Work with the project collaborator has the potential to add a wind tunnel experiment component to the project.
Training and skills
Students will be awarded CENTA2 Training Credits (CTCs) for participation in CENTA2-provided and ‘free choice’ external training. One CTC equates to 1⁄2 day session and students must accrue 100 CTCs across the three years of their PhD.
Training will be provided in experimental design and optical measurement techniques including particle tracing and scanning electron microscopy. The student will have support to develop appropriate programming and analysis skills.
Partners and collaboration
There is a strong link between Loughborough University and Trent University, Peterborough, Ontario, Canada which has the only purpose built wind tunnel for the study of wind-blown particles. There will be an excellent opportunity to collaborate with researchers at Trent Environmental Wind Tunnel.
For further information about this project, please contact Prof Jo Bullard ([email protected]). For general information about CENTA and the application process, please visit the CENTA website: http://www.centa.org.uk/. For enquiries about the application process, please contact the School of Social Sciences & Humanities ([email protected]).
If you wish to apply to the project, applications should include:
- A CENTA application form, downloadable from: CENTA application
- A CV with the names of at least two referees (preferably three and who can comment on your academic abilities)
- Submit your application and complete the host institution application process: http://www.lboro.ac.uk/study/apply/research/. Please quote CENTA23_LU5 when completing the application form.
Applications to be received by the end of the day on Wednesday 11th January 2023.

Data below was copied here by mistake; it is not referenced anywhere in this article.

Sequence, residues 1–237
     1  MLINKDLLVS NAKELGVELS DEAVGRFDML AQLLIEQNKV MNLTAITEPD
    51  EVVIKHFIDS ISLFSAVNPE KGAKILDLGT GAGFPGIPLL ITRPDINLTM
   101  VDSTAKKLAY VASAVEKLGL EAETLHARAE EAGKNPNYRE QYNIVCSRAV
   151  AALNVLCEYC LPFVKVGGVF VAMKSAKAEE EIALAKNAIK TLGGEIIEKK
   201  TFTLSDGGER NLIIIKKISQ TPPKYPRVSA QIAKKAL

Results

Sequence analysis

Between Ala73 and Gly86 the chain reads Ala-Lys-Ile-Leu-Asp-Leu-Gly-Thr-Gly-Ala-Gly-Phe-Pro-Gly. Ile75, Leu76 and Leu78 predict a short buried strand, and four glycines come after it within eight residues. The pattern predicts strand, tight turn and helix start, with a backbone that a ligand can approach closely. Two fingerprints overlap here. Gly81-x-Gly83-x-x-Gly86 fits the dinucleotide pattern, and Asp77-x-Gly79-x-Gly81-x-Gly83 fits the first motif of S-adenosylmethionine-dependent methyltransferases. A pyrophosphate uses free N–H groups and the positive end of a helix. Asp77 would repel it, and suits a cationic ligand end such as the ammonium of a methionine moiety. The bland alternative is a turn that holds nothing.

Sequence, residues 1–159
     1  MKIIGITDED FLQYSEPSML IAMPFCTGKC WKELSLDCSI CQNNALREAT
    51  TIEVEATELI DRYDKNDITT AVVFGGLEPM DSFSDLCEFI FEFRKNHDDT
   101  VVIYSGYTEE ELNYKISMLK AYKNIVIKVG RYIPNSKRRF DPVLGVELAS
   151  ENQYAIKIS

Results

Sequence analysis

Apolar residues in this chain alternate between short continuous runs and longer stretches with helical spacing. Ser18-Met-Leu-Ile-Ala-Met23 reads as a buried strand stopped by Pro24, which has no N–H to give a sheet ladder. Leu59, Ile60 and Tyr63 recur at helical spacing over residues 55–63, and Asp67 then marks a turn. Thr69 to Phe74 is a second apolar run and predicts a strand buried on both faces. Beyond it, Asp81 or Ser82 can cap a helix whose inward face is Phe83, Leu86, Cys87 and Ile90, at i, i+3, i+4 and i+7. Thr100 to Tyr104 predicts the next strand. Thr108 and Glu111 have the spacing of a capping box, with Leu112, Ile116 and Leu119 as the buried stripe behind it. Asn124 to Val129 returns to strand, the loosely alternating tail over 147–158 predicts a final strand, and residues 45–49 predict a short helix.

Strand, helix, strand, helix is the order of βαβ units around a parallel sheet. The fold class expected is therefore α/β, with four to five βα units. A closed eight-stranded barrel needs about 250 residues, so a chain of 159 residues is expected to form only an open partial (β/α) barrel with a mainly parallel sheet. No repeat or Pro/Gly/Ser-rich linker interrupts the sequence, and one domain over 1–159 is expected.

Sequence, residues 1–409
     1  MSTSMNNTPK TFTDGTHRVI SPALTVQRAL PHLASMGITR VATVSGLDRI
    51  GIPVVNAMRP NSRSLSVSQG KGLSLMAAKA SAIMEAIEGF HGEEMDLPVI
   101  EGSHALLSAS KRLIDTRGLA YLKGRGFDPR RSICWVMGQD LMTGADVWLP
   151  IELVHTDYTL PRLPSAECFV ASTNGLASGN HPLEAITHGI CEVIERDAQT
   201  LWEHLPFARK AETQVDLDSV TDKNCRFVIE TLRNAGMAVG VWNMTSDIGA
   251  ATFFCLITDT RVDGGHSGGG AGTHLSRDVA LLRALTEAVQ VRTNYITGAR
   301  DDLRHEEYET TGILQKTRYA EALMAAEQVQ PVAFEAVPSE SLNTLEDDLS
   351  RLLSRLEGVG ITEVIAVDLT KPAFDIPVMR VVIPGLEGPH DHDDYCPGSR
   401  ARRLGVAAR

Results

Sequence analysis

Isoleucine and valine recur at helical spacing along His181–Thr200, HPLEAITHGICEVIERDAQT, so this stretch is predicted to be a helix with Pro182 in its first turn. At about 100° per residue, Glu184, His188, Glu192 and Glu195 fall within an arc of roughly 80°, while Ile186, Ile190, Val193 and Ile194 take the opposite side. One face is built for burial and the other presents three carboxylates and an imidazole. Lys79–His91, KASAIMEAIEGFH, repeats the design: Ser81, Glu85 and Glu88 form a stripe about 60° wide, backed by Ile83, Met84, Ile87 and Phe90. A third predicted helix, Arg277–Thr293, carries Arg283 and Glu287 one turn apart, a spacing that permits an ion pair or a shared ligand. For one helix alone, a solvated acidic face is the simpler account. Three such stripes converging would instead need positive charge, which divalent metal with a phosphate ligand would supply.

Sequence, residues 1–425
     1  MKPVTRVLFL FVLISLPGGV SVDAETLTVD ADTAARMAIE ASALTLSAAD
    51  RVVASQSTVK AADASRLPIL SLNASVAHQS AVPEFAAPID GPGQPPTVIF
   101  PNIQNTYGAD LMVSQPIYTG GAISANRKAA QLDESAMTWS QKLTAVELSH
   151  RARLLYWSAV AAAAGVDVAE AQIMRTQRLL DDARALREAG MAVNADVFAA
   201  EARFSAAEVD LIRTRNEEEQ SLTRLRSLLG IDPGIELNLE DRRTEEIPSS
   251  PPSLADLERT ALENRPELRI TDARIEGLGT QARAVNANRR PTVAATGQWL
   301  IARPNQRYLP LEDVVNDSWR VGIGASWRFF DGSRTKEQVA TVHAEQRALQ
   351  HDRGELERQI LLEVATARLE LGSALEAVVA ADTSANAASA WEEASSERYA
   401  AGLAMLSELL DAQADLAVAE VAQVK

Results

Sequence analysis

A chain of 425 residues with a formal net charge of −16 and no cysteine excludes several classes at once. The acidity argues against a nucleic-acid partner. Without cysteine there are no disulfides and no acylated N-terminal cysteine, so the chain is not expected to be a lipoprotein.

Familiarisation with literature and development of programming skills. Initial pilot experiments to test methodology and data analysis techniques. Focusing of study by particle type (natural and/or anthropogenic) and environment.
Main set of experiments and data analysis including potential for work at Trent Environmental Wind Tunnel.
Detailed analysis, integration and interpretation of all experiments, writing up.
Gordon, M., McKenna Neuman, C. (2011) ‘A study of particle splash on developing ripple forms for two bed materials’ Geomorphology, 129, 79-91.
Liu, C., Kiger, K. (2022) ‘The application of apertured filter method to the simultaneous measurement of particle-turbulence interaction in dilute suspension layer under oscillatory sheet flows’. 20th International Symposium on Application of Laser and Imaging Techniques to Fluid Mechanics, Lisbon, Portugal, July 11-14, 2022.
O’Brien, P., McKenna Neuman, C. (2018) ‘An experimental study of the dynamics of saltation within a three-dimensional framework’. Aeolian Research, 31, 62-71.
Experimental design is such that a single person can safely set up and run experiments for this project minimising contact with others. Movement restrictions may limit the collection of new materials to test in experiments but there is a sufficiently large archive of suitable sediments and materials available that work could still continue. It is unlikely that the project would be substantially affected.